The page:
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With Frank Hill having moved to Preston, Burnley kicked off the 1954/55 season without a manager and with the directors selecting the team until a decision was made regarding the appointment of Hill’s replacement. That was the situation for the first four games of the season but when we kicked off against Everton at home in game five it was a welcome return for Alan Brown as Hill’s successor.

Brown had started his playing career with Huddersfield but signed for Burnley ahead of the first post-war season and was appointed captain by manager Cliff Britton, leading us to promotion and an FA Cup final in his first season. He left us for Notts County in 1949 in what was a big £12,500 deal for a player who had already reached the age of 34. He wasn’t there long before retiring and had been working as a coach at Sheffield Wednesday before getting the call from Burnley for what was his first managerial role.

Brown had been a hard man and a disciplinarian in his playing days and his management style was hardly different. He quickly dispensed with two of his former team mates. Reg Attwell made his final appearance in Brown’s first game in charge, although he hadn’t been a first team regular for some time, and Harold Rudman followed after the next game after a long career at Burnley.

Just as he had marshalled the ‘Iron Curtain’ defence in the early post war seasons as captain, Brown set about creating a similar way of playing as a manager. In three seasons as Burnley manager the side conceded just over 150 league goals. In two of those seasons Burnley conceded fewer goals than any other club in the division and in the 1955/56 season only Champions Manchester United conceded less.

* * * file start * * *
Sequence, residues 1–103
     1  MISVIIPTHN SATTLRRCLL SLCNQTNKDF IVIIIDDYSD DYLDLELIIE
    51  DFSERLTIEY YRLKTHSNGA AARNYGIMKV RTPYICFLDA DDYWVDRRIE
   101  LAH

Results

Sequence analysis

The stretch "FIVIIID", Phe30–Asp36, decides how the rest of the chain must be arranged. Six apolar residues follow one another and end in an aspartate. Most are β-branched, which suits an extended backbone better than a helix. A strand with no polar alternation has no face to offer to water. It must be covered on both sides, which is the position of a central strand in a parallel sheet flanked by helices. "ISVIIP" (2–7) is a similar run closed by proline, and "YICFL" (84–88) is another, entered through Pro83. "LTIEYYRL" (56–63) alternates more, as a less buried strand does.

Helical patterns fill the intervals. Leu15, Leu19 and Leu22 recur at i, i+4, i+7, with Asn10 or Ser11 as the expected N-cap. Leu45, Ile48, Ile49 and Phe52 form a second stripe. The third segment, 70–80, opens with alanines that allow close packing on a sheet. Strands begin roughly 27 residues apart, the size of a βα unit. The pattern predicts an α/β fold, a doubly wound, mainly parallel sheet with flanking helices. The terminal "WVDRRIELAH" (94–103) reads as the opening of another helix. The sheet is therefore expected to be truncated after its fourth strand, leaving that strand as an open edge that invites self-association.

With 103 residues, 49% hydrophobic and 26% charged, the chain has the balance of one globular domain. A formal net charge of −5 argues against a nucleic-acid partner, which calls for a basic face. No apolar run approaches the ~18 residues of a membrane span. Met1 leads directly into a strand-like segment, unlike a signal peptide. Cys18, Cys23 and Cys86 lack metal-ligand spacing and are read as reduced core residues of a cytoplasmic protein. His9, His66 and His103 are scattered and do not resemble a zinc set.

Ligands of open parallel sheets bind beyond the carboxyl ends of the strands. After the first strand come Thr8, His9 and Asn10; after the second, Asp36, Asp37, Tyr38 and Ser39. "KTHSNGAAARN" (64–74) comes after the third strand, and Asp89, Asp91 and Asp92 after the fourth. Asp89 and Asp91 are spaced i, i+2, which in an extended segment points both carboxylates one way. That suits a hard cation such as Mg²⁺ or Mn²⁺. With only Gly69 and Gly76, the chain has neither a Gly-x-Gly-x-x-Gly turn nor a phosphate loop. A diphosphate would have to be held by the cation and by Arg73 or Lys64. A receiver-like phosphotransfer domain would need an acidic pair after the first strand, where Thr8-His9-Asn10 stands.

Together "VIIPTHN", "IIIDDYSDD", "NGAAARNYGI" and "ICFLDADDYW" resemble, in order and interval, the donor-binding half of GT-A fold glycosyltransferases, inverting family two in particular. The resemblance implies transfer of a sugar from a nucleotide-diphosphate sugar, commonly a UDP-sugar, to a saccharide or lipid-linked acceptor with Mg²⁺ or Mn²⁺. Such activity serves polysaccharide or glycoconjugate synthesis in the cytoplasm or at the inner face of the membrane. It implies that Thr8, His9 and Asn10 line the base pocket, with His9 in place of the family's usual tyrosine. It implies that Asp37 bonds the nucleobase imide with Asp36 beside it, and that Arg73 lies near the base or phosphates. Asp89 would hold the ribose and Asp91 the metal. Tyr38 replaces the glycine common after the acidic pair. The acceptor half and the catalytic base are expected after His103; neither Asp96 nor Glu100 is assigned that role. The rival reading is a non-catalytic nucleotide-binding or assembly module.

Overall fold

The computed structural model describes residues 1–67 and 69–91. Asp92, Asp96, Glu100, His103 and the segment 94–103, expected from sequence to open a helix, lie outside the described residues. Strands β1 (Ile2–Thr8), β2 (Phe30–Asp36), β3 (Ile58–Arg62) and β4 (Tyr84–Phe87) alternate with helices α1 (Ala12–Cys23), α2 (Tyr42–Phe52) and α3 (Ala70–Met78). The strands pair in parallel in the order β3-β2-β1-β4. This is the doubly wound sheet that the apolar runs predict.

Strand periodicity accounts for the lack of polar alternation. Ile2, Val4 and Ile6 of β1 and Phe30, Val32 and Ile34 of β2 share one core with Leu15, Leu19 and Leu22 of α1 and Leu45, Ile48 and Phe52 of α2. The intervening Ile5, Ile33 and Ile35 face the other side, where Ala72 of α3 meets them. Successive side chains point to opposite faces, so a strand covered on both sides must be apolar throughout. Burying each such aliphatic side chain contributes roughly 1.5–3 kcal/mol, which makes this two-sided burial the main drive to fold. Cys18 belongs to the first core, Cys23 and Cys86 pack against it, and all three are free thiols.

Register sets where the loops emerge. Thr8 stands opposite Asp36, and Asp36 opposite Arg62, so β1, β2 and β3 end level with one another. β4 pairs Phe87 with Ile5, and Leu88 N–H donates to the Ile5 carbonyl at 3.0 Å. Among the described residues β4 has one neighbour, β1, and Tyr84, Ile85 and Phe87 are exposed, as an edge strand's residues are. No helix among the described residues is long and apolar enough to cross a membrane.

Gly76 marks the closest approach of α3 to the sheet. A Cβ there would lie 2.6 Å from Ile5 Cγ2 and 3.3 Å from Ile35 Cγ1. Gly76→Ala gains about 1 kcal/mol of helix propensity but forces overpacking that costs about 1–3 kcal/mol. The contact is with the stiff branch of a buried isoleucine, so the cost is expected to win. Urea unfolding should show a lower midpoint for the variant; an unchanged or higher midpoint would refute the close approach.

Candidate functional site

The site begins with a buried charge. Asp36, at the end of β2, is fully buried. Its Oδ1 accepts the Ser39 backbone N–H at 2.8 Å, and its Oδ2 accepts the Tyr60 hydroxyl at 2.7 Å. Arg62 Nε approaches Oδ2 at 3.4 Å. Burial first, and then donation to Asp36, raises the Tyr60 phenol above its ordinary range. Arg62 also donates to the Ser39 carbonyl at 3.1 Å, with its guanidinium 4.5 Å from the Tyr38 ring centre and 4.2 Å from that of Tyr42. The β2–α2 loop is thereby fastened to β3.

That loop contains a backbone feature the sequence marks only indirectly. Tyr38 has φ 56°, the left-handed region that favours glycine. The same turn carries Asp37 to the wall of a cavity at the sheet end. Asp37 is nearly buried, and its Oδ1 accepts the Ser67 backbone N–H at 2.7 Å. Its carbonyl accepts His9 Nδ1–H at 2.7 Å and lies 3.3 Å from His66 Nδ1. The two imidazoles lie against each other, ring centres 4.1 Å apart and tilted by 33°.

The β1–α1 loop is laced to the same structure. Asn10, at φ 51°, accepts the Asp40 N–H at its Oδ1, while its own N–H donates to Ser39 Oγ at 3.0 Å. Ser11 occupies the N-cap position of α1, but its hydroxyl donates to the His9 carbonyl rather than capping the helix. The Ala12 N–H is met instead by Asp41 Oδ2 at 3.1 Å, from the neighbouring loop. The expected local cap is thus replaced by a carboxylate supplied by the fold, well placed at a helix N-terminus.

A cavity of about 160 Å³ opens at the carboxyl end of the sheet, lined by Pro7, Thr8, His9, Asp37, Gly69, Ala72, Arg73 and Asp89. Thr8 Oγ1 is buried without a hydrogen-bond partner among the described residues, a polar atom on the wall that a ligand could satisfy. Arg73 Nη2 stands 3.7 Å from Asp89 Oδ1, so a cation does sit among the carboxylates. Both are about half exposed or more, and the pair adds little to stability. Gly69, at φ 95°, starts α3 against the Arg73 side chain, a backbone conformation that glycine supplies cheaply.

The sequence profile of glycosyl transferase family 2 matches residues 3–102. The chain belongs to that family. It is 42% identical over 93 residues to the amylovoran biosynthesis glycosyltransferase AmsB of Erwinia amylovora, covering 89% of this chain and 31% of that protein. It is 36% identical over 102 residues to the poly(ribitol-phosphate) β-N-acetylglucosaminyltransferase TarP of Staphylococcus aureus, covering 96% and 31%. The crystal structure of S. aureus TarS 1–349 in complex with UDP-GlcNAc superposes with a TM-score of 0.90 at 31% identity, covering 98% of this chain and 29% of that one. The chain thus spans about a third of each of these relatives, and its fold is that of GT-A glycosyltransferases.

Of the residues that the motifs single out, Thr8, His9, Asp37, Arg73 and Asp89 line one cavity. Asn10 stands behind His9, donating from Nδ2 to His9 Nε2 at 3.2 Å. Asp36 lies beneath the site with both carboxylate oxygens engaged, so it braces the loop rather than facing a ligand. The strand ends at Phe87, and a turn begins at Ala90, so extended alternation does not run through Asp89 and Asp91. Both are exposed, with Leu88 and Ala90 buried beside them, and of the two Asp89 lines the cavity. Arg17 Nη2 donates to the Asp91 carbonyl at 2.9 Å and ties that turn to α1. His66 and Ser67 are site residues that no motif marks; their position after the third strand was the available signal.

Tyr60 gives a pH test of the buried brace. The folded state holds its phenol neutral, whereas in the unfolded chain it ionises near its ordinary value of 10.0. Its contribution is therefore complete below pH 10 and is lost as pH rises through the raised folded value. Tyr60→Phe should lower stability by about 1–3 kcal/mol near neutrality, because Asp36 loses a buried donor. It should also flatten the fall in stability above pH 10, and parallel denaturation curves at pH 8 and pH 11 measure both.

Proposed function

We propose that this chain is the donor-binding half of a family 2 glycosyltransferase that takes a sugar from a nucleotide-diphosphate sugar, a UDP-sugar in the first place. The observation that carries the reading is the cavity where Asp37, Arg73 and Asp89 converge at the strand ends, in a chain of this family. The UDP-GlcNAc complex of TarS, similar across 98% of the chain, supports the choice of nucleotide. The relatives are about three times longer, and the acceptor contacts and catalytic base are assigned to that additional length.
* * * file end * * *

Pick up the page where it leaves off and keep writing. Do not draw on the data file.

His first season ended with a mid-table finish but both the 1955/56 and 1956/57 seasons saw Burnley finish in seventh place. However, Brown was planning ahead and with new chairman Bob Lord was instrumental in setting up the Gawthorpe training ground which, of course, is still in use by the club today. He was a manager who, rather than bringing players in from other clubs, very much wanted to coach young players, and among those he brought to the club were young North Easterners John Angus and Jimmy Robson. In the 1955/56 season he gave a debut to a young local lad by the name of Brian Miller and in 1956/57 Angus and Robson got their first taste of first team football as did Adam Blacklaw and John Connelly. All of those five players would go on to be part of one of the club’s greatest successes.

Brown’s stay at Turf Moor though was just three years after which he made the decision to leave to become the manager of Sunderland. He had started a run that saw only former players manage the club for almost 29 years and his departure for a management job elsewhere wouldn’t happen again at Burnley until January 2010 when Owen Coyle moved to Bolton. Brown was with the Roker Park club for seven years before moving on again, returning to Hillsborough where his coaching career had started. This time he was the Sheffield Wednesday manager. There were to be four years there, a period which saw Wednesday play in the FA Cup Final in 1966 when they were beaten 3-2 by Everton having led 2-0.